Wednesday, October 24, 2012

Real fantasies

Adam Marek & Guy Ware, Sunday 21st October, 3pm, International Anthony Burgess Foundation

Words and photograph by David Hartley.

A small but attentive crowd gathered at the International Anthony Burgess Foundation for a late Sunday afternoon reading by two of Comma’s regular anthology contributors, Guy Ware and Adam Marek. Both men had new merchandise to peddle in the shape of Ware’s You Have 24 Hours to Love Us (which is available electronically now, and in print very soon) and Marek’s The Stone Thrower, both of which snug nicely into the ever-burgeoning Comma canon. The backdrop of the converted mill, with its Burgess-adorned walls and shelves, lent itself perfectly to the tales presented by Ware and Marek, treading as they both did along the precarious threshold of realism and fantasy, a realm where Burgess himself was often to be found.

Recovering civil servant Guy Ware stepped up for the first reading, presenting his story In Plain Sight, from which the title of his collection is taken. It's a curious and gripping spy story which seemed to develop sideways from wherever you might have expected it to go. Stan is a shunned spy, living out a sleeper existence atop a mountain among a quiet idyll of chickens and watercress, but the governments he is bound to will not accept that he might not love them and he has 24 hours to confirm it either way. Ware expertly weaves in the absurdity of darkly humorous psychological warfare, while pulling the audience through the pain of Stan’s tricky love life. It triggered more than a few ripples of laughter in the room as well as some uncomfortable squirms from Ware’s own offspring sitting on the front row. But if this story is anything to go by, go buy the whole collection, dear reader, because it won’t disappoint.

Adam Marek took over the spotlight to read from his latest collection, and picked a short story that was able to promote not one anthology, but two; a marketing simultaneity that must have pleased the powers-that-be at Comma. Entitled An Industrial Evolution, the story is featured in The Stone Thrower but also in Comma’s latest science-meets-fiction anthology Bio-Punk, the launch of which took place at this very festival earlier in the week. Marek’s brief here was to write a story based on a real and current development in the field of biotechnology, focusing particularly on the ethical dilemma such advances might present, should they come to fruition. Marek met with Professor Bruce Whitelow from The Rosalin Institute at the University of Edinburgh and travelled to the murky outer-edge of current concepts in cloning technology, which, apparently in a very real sense, could lead to trans-species fertilisation. Which is my own cod-science and probably incorrect way of saying: one animal giving birth to a completely different animal. And while we all started picturing mice-elephants and cat-dogs, Marek launched into his own interpretation of the science, which was all the more measured and profound.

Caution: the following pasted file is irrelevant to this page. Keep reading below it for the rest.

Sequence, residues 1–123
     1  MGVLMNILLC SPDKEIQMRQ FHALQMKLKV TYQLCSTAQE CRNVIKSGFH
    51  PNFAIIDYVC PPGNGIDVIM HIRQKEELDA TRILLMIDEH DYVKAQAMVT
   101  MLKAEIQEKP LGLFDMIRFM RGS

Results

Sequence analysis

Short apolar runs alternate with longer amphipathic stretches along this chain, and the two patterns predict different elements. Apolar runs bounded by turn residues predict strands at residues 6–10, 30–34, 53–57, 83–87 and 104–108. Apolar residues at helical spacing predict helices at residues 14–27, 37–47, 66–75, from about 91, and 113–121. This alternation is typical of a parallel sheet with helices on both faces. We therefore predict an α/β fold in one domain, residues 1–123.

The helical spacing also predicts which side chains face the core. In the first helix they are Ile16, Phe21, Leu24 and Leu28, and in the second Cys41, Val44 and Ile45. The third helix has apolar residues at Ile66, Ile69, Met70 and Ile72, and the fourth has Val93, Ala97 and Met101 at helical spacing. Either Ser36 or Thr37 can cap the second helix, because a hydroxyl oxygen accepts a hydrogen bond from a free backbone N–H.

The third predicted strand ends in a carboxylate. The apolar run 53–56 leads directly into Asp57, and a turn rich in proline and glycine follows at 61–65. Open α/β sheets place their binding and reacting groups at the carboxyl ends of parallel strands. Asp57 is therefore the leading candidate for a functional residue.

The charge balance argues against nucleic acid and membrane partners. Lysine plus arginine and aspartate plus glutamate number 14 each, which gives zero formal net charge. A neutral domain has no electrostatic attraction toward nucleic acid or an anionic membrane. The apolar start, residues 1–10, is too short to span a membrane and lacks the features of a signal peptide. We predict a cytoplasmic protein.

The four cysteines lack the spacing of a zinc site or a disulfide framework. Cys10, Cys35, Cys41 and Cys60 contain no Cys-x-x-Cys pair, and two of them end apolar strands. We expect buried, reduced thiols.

The story took us a short punt into the future and then deep into the dark heart of the Sumatran jungle to encounter Orangutans saved from the brink of extinction by these posited advancements in cloning. And yet it soon becomes apparent that the majestic great apes are not quite what they once were; the first one encountered in the story is wearing denim shorts and proceeds to fist-bump one of the main characters. But things take a more melancholic turn later as Marek weaves in his research of the plantations of Sumatra, and we find the science and the apes rendered in a more discomforting and disquieting scene. One can’t help images of Planet of the Apes and its myriad prequels and sequels floating in after reflection, but Marek is an expert at handling his material at the correct distance and leaving us with painfully real thoughts, over and above fanciful fantasies. So while not exactly a soaring endorsement of the science explored, the story served its purpose as marketing for its host anthology, and I promptly parted with my cash for a copy.

The Q&A post-readings was a delightful affair, with both writers answering the interrogations with good cheer and further anecdote, while the obligatory influences question brought creatives as far ranging as Jose Saramago, Karen Russell and Spike Jonze into the fold. Both Ware and Marek found a symbiosis in the acknowledgement that their writing attempts to mix the real and the fantastic in a happy blend – Marek using the analogy of the demarcation created by oil on water, both elements then emulsified together to make mayonnaise. A nice image, but both writers demonstrated their works and themselves to be far more than mere condiments, and we can all look forward to what will be served up next. 

David Hartley is a blogger and short story writer based in Manchester. He blogs at and will be publishing his first collection of flash fictions with Gumbo Press later this year. Find him at

You can read more reviews of these events, by students at the Centre for New Writing, on The Manchester Review.